Pool can be beautiful. I know, that sounds weird, but to a pool player (read: a player, not necessarily a gambler or hustler), he or she knows what I mean with that thought. There is a beauty in a smooth, level stroke. There is something special about a soft touch that either drops the ball neatly in the pocket, or leaves the opponent tucked up behind another ball pressed on the rail. There is a simplicity in a solid, straight shot. And when you can carve out an amazing shot that you could only imagine in your head? Man, there’s just no comparison.
I have loved the game of pool for over 25 years now. I began by watching some of the best female players in the world play in Peachtree City, Georgia when the WPBA (Women’s Professional Billiard Association) made a stop there for a women’s tournament. I spoke to Ewa Mataya Laurence (when she was still Mataya, and when she still had curly hair that was so popular in the early 90s) while I was sitting outside of the tournament taking a break. My ladies team took a picture with Jeanette Lee, arguably one of the best in 9-ball history, when we were at the national tournament for our amateur league (APA y’alll). I emailed Alison Fisher several years back to ask her a question about practice and drills, and y’all, she emailed me back. Who knows? It might have been an assistant or a secretary that did it, but in my mind, with the words she chose, it was Alison, the Duchess of Doom.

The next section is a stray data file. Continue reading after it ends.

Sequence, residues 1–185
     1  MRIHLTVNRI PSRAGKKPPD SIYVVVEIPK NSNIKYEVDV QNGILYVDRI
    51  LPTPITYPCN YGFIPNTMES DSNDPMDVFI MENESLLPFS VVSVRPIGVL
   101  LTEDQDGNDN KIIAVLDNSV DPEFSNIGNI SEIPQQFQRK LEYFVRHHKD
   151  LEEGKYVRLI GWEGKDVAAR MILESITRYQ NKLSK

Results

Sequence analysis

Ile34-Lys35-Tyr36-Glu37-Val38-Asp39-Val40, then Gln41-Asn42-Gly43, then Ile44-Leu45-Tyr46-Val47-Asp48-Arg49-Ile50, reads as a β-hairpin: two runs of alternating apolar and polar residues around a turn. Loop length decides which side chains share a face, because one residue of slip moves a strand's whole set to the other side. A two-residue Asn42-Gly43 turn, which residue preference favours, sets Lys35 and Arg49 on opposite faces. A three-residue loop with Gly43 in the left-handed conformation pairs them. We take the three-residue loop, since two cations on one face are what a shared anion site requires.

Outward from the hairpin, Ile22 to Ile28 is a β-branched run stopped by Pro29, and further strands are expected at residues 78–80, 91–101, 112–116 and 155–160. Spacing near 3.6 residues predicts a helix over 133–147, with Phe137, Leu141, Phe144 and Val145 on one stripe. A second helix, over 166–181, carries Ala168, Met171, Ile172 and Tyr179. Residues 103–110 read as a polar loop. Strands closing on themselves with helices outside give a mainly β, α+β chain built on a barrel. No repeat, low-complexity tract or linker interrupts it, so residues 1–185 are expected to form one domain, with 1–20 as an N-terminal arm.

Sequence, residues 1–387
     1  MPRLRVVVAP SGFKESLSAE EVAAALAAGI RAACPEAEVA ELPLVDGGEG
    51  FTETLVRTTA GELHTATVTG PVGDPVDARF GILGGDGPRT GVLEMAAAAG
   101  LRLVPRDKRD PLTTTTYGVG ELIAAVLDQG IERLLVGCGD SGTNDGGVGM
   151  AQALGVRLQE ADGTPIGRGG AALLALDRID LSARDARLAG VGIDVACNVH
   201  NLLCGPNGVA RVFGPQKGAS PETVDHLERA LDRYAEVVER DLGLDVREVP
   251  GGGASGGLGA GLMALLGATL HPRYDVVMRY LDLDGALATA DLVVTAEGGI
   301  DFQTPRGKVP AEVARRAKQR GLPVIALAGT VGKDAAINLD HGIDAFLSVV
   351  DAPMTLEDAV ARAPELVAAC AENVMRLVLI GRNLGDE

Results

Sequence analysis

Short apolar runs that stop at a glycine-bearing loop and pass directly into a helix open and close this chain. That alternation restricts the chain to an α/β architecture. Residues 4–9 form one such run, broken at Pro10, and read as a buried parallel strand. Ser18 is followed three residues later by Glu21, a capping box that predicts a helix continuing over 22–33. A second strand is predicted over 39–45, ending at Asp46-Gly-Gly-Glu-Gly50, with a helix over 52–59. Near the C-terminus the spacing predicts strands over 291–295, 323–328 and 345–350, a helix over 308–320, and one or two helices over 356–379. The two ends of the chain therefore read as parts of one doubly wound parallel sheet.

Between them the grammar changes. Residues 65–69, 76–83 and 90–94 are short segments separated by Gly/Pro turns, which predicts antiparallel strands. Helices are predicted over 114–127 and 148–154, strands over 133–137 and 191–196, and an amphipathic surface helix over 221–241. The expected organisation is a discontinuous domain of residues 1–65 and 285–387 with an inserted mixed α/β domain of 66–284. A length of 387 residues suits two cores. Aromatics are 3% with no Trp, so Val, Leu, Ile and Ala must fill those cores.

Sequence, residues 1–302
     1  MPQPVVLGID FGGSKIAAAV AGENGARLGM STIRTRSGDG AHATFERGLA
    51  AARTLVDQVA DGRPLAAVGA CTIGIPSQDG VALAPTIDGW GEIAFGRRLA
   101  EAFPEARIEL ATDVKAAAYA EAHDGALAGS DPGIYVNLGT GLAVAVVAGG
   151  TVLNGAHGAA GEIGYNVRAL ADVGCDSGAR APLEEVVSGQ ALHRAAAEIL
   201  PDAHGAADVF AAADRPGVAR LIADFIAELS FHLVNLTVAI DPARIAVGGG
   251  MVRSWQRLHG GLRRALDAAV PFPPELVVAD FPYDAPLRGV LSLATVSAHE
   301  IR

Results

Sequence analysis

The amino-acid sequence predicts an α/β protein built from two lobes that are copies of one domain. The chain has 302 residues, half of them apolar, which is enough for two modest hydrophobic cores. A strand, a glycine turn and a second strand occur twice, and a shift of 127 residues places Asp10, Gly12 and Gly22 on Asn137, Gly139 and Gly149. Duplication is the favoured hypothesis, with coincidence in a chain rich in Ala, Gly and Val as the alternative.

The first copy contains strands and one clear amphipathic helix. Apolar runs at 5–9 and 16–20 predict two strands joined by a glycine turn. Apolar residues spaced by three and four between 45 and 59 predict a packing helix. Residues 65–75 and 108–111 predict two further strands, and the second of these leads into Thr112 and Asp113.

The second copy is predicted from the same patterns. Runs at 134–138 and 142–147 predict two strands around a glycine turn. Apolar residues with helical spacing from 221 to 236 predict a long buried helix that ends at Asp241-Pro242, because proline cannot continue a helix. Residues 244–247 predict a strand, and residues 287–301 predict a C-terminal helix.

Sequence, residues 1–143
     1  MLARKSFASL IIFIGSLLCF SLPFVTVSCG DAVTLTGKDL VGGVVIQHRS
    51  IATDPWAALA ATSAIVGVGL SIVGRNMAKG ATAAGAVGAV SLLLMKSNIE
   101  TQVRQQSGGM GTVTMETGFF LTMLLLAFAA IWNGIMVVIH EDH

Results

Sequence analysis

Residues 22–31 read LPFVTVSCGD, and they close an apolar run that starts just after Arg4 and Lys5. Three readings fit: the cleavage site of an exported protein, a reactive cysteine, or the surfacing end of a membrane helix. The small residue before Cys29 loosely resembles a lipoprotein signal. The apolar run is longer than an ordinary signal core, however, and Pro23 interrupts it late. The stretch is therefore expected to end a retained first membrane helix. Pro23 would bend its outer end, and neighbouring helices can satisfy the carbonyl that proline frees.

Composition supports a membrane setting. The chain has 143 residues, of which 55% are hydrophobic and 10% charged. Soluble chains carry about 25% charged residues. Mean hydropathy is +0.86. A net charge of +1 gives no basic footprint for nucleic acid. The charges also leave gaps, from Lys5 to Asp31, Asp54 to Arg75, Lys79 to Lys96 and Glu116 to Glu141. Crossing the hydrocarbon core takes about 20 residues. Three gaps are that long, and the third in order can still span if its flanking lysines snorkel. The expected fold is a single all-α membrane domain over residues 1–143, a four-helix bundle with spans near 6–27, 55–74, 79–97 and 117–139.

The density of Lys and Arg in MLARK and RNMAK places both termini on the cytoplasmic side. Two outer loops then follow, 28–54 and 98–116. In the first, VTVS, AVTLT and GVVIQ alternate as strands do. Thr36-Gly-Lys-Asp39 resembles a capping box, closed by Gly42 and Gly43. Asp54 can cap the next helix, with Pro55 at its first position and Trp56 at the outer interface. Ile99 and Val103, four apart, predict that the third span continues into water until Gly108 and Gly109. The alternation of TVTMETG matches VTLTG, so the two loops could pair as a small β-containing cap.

Most pool players have nicknames. The Texas Tornado, the Striking Viking, the Black Widow, The Irish Invader, and the list just goes on. My nickname given to me by my awesome amateur 9-ball team from nearly 20 years ago was “the Face.” (Thanks to Reid and Cheryl Meadows!) Whenever I would seriously get into my game, I would stop the socializing, get quiet, get inside my thoughts, and I had a major RBF (Resting B**ch Face, before that was a thing). But when I had on “the face,” my opponents knew that I was ready to be serious. Sure, it’s all about the fun, at least for amateur leagues, but for me, it was about getting better, being better, and having a claim to something I was good at. Maybe even sometimes, great at.
So when I carve a ball down the table that looks like it had no chance of going? Yep. That’s my happy place.